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dc.contributor.authorThjodleifsson, B
dc.contributor.authorOlafsson, I
dc.contributor.authorGislason, D
dc.contributor.authorGislason, T
dc.contributor.authorJögi, R
dc.contributor.authorJanson, C
dc.date.accessioned2008-06-04T09:42:04Z
dc.date.available2008-06-04T09:42:04Z
dc.date.issued2008-05-01
dc.date.submitted2008-06-04
dc.identifier.citationScand J Infect Dis. 2008, 40(5):381-86en
dc.identifier.issn0036-5548
dc.identifier.pmid17943636
dc.identifier.doi10.1080/00365540701708293
dc.identifier.urihttp://hdl.handle.net/2336/29457
dc.descriptionTo access publisher full text version of this article. Please click on the hyperlink in Additional Links fielden
dc.description.abstractViral infections have been associated with the aetiology of obesity in animal models. This study investigates the association between 7 serological markers of infections and body mass index (BMI) in a population based sample. Individuals (n=985, mean age 42+/-7 (28-55) y, mean BMI 25.5+/-4.2) from Iceland, Sweden and Estonia underwent a structured interview and blood sampling. IgG antibodies were measured against Helicobacter pylori and the cagA protein, hepatitis A virus, Toxoplasma gondii, herpes simplex virus 1, Chlamydia pneumoniae, Epstein-Barr virus and cytomegalovirus. High-sensitive C-reactive protein (CRP) was measured as a marker of systemic inflammation. A significant positive association between being overweight (BMI>25 kg/m(2)) and IgG antibodies was found for Helicobacter pylori (OR 1.86, CI 1.34-2.60) and Chlamydia pneumoniae (OR 1.39, CI 1.03-1.88) and combined seropositivity had synergistic effect (OR 2.54 (1.62-3.97)). CRP was positively related to BMI (p<0.0001), whereas no significant association was found between CRP and IgG antibodies against Helicobacter pylori and/or Chlamydia pneumoniae and CRP. The results suggest that infections with Chlamydia pneumoniae and Helicobacter pylori are both significantly and synergistically associated with overweight and this association is not related to indicators of systemic inflammation.
dc.languageENG
dc.language.ison/aen
dc.publisherTaylor & Francisen
dc.relation.urlhttp://www.informaworld.com/10.1080/00365540701708293en
dc.titleInfections and obesity: A multinational epidemiological studyn/a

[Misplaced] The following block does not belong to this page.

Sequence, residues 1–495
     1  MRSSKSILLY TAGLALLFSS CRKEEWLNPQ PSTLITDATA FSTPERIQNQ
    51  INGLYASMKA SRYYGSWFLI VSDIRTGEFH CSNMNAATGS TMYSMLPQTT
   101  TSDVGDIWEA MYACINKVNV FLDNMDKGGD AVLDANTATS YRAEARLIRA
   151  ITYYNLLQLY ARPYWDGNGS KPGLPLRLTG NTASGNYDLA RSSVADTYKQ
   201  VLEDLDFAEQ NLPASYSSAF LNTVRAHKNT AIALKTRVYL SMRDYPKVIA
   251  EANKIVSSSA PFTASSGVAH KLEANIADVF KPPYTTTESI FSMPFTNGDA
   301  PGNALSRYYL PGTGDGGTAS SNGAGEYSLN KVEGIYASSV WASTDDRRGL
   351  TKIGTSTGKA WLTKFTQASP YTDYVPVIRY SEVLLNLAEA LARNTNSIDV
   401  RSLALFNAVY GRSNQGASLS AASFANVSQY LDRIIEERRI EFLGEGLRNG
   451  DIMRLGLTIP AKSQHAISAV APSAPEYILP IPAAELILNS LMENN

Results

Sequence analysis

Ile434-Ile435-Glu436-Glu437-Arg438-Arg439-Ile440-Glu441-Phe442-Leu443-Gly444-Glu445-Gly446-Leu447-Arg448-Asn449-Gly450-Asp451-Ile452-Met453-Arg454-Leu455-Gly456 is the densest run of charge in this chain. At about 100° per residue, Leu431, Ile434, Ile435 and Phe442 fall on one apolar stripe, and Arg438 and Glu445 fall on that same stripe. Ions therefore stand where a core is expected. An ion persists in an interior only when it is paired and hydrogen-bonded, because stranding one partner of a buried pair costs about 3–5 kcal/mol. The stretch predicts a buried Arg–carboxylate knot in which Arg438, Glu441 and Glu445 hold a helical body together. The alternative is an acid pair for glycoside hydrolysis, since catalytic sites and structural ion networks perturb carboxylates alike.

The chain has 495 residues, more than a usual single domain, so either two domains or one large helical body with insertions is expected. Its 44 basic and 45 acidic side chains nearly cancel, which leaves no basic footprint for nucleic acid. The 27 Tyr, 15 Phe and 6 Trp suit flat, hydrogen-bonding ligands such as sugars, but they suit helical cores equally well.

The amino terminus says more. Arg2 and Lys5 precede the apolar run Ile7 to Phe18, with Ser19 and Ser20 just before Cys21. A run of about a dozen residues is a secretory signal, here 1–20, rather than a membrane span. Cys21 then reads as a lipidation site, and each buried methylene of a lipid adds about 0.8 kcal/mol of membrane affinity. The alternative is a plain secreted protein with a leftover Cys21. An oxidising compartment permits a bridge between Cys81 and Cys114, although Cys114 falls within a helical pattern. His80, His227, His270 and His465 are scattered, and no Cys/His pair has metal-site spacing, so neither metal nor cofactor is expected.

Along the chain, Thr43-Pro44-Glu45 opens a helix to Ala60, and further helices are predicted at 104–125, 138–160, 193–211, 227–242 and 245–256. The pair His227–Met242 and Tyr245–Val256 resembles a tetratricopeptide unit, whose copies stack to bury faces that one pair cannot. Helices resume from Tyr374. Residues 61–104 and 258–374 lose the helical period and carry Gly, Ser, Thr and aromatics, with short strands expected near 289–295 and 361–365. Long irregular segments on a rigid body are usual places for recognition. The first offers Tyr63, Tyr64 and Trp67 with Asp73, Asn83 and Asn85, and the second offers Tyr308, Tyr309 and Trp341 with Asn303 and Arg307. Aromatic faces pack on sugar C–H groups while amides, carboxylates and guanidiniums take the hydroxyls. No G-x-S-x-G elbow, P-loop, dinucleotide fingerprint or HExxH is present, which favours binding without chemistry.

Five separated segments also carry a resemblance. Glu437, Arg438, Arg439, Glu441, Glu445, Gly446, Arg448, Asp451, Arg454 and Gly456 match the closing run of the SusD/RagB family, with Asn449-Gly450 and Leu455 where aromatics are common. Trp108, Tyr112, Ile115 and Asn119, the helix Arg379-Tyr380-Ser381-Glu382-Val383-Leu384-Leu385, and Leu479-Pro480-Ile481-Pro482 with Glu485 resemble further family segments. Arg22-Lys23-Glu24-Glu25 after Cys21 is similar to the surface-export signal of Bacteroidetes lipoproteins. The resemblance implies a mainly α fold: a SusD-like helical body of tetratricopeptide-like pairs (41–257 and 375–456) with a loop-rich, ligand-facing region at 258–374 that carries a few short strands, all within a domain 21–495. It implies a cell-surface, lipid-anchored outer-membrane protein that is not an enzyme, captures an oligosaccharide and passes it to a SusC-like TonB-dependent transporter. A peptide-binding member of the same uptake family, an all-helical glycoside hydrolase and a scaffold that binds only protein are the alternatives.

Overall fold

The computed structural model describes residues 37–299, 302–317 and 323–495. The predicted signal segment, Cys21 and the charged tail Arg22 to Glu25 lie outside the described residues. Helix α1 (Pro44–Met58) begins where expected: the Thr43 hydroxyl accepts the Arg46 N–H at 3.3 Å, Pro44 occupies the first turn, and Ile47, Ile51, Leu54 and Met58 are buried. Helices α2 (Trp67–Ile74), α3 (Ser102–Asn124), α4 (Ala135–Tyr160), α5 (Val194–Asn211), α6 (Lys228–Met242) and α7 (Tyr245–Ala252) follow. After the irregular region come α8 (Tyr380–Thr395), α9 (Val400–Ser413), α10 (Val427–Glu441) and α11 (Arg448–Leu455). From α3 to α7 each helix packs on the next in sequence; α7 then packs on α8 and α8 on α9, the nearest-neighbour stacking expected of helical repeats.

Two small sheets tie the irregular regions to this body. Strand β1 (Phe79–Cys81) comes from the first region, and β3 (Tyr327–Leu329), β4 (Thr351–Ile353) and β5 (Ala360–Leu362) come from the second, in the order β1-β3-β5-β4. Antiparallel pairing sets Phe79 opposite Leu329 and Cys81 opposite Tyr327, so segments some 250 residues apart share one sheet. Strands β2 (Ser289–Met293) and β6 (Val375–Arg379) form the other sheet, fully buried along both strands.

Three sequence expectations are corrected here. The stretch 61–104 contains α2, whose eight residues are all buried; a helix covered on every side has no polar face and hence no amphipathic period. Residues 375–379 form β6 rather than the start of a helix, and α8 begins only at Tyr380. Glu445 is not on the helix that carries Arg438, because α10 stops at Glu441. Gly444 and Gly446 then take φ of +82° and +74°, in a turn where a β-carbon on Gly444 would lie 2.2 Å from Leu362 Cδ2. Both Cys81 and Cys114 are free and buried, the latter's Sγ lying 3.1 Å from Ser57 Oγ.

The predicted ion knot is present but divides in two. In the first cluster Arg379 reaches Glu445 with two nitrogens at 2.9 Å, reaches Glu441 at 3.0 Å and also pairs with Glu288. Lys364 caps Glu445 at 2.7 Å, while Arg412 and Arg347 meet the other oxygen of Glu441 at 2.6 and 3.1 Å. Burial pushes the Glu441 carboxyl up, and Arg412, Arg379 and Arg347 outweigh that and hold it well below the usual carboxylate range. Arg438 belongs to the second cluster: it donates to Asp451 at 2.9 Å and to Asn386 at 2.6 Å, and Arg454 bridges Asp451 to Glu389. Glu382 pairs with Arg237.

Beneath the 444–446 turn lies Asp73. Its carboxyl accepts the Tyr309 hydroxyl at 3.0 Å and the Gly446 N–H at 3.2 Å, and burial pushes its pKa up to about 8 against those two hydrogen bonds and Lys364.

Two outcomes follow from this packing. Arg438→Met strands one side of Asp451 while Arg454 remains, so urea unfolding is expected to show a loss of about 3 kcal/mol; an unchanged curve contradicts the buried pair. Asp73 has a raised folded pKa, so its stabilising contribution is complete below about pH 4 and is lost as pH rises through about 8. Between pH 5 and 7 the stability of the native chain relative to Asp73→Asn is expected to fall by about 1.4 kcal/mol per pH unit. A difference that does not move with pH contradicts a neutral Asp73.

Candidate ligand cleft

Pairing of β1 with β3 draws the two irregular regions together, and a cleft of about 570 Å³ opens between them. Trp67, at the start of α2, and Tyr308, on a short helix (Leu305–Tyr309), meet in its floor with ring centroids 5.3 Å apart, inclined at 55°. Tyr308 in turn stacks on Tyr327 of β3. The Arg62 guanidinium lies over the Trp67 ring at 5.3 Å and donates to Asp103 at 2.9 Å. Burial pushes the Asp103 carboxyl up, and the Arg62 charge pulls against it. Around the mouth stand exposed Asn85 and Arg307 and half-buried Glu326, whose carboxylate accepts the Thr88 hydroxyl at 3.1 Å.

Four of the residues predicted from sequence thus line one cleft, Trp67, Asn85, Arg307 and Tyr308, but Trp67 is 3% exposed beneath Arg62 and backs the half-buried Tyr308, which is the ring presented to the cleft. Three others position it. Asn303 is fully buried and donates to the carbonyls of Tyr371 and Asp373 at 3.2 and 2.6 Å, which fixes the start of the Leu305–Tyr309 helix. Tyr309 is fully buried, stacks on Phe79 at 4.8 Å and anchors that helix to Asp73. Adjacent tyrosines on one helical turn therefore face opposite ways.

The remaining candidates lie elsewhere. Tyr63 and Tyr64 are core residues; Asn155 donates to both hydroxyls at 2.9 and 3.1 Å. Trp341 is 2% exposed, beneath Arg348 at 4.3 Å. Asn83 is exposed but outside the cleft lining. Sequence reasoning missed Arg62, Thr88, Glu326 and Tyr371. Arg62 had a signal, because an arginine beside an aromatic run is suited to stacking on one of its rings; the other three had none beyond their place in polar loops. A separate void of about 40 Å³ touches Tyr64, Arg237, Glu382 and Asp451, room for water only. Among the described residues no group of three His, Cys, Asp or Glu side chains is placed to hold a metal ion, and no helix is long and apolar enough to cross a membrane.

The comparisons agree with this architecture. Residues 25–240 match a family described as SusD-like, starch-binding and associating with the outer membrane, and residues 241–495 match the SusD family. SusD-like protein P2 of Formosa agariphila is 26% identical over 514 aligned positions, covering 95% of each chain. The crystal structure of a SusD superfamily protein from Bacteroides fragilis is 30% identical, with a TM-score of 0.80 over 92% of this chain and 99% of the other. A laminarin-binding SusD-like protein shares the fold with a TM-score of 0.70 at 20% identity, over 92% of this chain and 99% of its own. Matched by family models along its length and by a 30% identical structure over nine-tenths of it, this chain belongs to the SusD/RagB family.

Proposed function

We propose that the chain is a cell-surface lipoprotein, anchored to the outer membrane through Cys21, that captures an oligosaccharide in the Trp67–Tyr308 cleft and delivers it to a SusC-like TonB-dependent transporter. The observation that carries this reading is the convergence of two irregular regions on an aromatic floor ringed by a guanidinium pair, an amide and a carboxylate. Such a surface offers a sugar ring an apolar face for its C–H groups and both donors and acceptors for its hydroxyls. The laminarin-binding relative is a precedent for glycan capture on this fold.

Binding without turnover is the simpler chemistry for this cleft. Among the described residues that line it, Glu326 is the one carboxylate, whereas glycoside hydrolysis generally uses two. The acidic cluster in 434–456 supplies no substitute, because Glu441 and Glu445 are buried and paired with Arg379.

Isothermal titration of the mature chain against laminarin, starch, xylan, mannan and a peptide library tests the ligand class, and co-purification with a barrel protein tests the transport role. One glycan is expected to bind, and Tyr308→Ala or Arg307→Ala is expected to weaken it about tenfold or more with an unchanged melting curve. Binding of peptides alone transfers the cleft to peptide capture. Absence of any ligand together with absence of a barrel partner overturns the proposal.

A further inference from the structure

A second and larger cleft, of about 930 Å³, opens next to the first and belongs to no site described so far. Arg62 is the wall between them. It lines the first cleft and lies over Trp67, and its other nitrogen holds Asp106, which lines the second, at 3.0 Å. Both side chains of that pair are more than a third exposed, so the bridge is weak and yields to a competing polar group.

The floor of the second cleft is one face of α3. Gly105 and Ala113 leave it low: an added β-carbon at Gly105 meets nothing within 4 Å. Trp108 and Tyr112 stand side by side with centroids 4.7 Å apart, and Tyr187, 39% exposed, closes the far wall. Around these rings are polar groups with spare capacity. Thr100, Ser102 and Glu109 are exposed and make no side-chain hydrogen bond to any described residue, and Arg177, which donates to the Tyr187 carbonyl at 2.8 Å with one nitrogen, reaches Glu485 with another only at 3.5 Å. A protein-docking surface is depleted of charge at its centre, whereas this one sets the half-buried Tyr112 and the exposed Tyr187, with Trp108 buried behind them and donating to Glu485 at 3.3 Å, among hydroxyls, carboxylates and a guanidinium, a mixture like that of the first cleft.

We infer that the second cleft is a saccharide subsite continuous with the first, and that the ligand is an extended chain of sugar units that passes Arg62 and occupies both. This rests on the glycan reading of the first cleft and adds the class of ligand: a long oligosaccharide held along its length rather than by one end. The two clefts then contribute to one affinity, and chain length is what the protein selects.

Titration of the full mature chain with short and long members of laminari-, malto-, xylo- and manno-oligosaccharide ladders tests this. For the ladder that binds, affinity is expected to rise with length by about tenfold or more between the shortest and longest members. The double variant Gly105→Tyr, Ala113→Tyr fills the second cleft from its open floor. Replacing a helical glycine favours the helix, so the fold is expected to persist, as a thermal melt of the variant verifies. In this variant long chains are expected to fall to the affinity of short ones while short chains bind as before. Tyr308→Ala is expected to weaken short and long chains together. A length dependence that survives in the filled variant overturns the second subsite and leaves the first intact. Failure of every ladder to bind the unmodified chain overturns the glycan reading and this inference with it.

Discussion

dc.typeArticleen
dc.contributor.departmentFrom the Medical Department, Landspitali University Hospital, Iceland.en
dc.identifier.journalScandinavian journal of infectious diseasesen
html.description.abstractViral infections have been associated with the aetiology of obesity in animal models. This study investigates the association between 7 serological markers of infections and body mass index (BMI) in a population based sample. Individuals (n=985, mean age 42+/-7 (28-55) y, mean BMI 25.5+/-4.2) from Iceland, Sweden and Estonia underwent a structured interview and blood sampling. IgG antibodies were measured against Helicobacter pylori and the cagA protein, hepatitis A virus, Toxoplasma gondii, herpes simplex virus 1, Chlamydia pneumoniae, Epstein-Barr virus and cytomegalovirus. High-sensitive C-reactive protein (CRP) was measured as a marker of systemic inflammation. A significant positive association between being overweight (BMI>25 kg/m(2)) and IgG antibodies was found for Helicobacter pylori (OR 1.86, CI 1.34-2.60) and Chlamydia pneumoniae (OR 1.39, CI 1.03-1.88) and combined seropositivity had synergistic effect (OR 2.54 (1.62-3.97)). CRP was positively related to BMI (p<0.0001), whereas no significant association was found between CRP and IgG antibodies against Helicobacter pylori and/or Chlamydia pneumoniae and CRP. The results suggest that infections with Chlamydia pneumoniae and Helicobacter pylori are both significantly and synergistically associated with overweight and this association is not related to indicators of systemic inflammation.


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